Bear Bibeault wrote:That likely means your URL is malformed. What happens when you try to load that URL directly into the browser?
Bear Bibeault wrote:Also, why is your URL absolute, versus server-relative? You could run into CORS issues.
Bear Bibeault wrote:One problem I see (besides the code formatting which is all over the place) is that you are not stopping the default action of the form submission. If you want to make an Ajax call rather than actually submitting the form, you either need to call the preventDefault method of the event, or return false from the event handler.
Why aren't you using jQuery to do all this? Makes it tons easier.
Tim Holloway wrote:
Instead, when you have a web server, the file contents are embedded in the HttpResponse stream and the client decides what to do with that data. As I said, the client might choose to save the content in a file, but it might choose to open it in an application. The server cannot control what the client will do. Only the client can make that decision.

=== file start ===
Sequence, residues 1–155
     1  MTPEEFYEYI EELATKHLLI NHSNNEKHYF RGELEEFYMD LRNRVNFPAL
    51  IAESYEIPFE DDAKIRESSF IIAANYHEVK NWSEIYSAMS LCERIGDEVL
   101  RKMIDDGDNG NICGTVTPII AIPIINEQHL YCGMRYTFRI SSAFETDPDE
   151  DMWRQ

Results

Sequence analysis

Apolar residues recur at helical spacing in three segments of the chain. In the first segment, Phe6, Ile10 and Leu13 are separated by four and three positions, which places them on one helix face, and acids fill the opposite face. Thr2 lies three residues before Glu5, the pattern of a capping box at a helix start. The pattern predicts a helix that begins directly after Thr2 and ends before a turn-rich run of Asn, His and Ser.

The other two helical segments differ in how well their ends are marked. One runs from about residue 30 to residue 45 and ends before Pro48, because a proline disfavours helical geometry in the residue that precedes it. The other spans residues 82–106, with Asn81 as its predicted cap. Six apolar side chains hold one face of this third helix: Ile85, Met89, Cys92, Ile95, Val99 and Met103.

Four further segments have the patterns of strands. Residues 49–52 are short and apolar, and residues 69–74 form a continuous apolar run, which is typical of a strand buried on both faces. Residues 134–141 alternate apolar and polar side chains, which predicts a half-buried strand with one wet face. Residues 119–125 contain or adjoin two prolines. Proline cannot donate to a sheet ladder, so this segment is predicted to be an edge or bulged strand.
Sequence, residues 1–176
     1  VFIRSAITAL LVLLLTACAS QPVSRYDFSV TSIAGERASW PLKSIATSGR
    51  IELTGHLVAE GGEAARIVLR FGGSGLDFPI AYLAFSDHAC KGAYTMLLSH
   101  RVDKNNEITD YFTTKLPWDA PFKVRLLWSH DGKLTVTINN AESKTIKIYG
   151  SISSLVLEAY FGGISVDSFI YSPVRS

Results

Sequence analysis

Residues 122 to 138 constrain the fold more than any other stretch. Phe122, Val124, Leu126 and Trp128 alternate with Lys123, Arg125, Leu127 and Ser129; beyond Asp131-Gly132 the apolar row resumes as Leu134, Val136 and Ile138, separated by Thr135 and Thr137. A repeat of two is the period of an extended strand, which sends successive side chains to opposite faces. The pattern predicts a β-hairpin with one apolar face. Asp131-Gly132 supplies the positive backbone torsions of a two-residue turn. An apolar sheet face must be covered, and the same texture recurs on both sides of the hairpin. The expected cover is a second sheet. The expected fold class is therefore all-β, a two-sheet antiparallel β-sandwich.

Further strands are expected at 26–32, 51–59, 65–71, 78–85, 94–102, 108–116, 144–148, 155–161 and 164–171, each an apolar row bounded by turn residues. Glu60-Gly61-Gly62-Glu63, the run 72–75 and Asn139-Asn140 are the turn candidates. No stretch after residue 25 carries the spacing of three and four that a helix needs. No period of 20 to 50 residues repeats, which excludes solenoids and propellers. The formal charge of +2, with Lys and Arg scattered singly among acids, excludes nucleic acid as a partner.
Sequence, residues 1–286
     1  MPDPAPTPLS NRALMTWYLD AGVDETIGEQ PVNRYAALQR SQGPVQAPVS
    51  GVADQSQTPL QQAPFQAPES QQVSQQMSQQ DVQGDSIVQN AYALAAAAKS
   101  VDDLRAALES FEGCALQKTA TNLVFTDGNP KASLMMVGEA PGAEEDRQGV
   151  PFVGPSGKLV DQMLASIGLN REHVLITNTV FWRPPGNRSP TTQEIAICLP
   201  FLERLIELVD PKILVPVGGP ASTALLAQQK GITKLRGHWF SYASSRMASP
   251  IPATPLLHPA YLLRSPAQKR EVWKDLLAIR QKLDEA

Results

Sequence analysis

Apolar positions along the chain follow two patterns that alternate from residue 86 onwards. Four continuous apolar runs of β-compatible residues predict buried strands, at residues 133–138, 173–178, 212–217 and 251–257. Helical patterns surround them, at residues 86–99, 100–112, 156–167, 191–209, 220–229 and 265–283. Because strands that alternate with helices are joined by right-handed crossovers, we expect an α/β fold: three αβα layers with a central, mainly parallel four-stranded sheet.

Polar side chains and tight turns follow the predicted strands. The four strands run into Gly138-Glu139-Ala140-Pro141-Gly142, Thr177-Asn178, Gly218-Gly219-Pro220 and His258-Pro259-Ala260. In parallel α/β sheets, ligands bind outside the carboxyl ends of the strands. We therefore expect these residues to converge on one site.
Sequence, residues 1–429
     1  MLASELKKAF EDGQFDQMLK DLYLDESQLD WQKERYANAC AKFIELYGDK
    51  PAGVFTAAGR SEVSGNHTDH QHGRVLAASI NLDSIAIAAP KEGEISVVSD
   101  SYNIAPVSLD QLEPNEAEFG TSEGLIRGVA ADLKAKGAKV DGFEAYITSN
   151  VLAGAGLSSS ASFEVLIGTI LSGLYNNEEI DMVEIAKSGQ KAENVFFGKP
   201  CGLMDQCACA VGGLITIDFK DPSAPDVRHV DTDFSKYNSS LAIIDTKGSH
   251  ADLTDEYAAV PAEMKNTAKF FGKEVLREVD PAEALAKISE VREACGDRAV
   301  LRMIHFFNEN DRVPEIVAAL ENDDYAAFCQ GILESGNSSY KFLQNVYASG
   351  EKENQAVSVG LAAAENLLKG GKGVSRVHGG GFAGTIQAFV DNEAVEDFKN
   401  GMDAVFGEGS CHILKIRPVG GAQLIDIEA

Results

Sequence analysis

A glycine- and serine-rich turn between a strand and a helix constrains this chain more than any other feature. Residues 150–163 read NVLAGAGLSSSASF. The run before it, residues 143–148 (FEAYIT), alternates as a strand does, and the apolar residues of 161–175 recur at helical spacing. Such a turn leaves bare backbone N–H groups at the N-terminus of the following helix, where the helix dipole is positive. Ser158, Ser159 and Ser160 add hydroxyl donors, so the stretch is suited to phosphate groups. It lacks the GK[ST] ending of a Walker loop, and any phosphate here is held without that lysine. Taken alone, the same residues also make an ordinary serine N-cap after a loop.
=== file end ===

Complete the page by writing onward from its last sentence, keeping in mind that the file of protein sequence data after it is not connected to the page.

Dave Tolls wrote:
You'd normally loop over the input stream, reading into a byte buffer, then writing that buffer out to the output stream. Keep looping until the number of bytes read comes back as -1.